Organ donation is the method of removing an organ from one person and surgically implanting it in another person. Different organs can be donated. Donations comprise of the liver, kidney, pancreas, and heart.
How can organ donation and transplantation can be defined?
Organ donation is the method of surgically extracting an organ or tissue from one person (the organ donor) and it into another person (the recipient). Transplantation is essential because the recipient’s organ has been damaged by disease or injury.
Organ Donation in Illinois is one of the great advancements in today’s medicine. It’s our ill fate that the need for organ donors is much more than the number of people who donate.
Which organs can be donated?
- Middle ear
- Bone marrow
- Heart valves
- Connective tissue
Vascularized composite allografts (transplant of several structures that may consist of skin, bone, muscles, blood vessels, nerves, and connective tissue.
Who can be an organ donor in Illinois?
People of any age should consider themselves as potential donors. When a person dies, they are evaluated for donor requirements based on their medical history and age. The Organ Procurement Agency determines the medical requirement for donation.
How can I become an organ donor?
Individuals who wish to be organ donors should go through the following steps:
You can join a donor registry. A registry is more than just an act of interest in becoming a donor. It’s a process to give consent lawfully for the anatomical gift of organs, tissue, and eyes. You don’t need to pay the donor’s family or estate for the donation of organs, tissue, or eyes. Funeral costs remain the responsibility of the family.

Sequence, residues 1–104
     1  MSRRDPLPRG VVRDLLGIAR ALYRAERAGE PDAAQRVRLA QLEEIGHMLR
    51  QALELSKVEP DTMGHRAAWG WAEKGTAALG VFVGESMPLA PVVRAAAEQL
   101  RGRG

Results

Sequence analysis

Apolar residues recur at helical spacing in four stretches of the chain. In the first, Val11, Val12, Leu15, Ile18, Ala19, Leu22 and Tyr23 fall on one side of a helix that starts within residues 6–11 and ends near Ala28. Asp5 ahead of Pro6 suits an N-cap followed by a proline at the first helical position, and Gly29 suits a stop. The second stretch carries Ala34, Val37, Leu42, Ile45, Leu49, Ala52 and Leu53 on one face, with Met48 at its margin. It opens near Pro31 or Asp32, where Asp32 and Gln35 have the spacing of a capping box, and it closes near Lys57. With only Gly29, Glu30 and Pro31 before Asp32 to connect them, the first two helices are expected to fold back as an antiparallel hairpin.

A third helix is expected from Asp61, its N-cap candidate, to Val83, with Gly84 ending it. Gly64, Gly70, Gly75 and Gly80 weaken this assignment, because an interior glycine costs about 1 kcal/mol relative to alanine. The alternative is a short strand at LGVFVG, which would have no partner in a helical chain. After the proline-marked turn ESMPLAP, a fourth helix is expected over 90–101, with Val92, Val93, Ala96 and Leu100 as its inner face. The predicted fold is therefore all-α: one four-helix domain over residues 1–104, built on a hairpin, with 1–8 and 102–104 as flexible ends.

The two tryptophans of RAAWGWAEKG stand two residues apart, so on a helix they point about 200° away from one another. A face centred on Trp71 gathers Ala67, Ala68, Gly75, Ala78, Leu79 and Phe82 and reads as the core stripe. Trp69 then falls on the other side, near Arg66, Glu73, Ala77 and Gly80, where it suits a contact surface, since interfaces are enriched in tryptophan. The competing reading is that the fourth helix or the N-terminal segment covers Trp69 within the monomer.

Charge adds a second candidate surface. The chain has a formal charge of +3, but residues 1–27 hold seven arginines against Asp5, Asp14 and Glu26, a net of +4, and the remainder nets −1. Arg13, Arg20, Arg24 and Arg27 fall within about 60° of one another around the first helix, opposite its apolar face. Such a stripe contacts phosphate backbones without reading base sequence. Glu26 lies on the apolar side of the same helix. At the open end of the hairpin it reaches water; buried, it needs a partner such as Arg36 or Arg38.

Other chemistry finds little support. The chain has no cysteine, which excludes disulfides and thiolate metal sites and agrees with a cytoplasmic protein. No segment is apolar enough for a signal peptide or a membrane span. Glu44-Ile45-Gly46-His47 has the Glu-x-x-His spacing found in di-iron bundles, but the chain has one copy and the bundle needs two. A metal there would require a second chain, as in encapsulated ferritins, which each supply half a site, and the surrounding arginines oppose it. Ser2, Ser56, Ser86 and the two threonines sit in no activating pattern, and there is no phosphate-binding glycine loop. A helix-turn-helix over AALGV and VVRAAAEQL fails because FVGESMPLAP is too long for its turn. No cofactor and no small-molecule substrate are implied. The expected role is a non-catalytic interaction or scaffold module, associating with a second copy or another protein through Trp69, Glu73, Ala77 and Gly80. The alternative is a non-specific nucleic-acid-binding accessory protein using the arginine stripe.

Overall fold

Will organ donation deform the body?
The rehabilitation of organs, tissue, and eyes is a process done by trained medical professionals. Usually, the family may still have a traditional funeral service.
If I need an organ or tissue transplant, what do I require to do?
If you require a transplant, you need to get on the national waiting list. To get on the list, you require to visit a transplant hospital. To search for a transplant hospital near you, visit the United Network for Organ Sharing (UNOS) website (www.unos.org). The transplant hospital’s doctors will test you and decide if you’re a good transplant person. In addition to criteria formed for some organ types by UNOS, each transplant hospital has its own regulations for accepting candidates for donation.
If the hospital’s transplant team decides that you’re a good transplant candidate, they will compute you to the national waiting list. You can go on the waiting list at more than one transplant hospital, and UNOS policies do permit “multiple listing.” However, ensure to check each transplant hospital’s guidelines about who will be the primary care provider.
Next, you should wait. There’s no fact to know how long you will wait to receive a donor organ. Your name will be added to the group of names. When an organ becomes available, all the patients in the pool are called to match the organs.
What organization actually manages the distribution of organs? What is the method to receive an organ or tissue?
UNOS maintains the national Organ Procurement and Transplantation Network (OPTN). By the help of UNOS Organ Center, organ donors are compatible with waiting for recipients 24 hours a day, 365 days a year. For patients, Organ Donation in Illinois is the right place for them.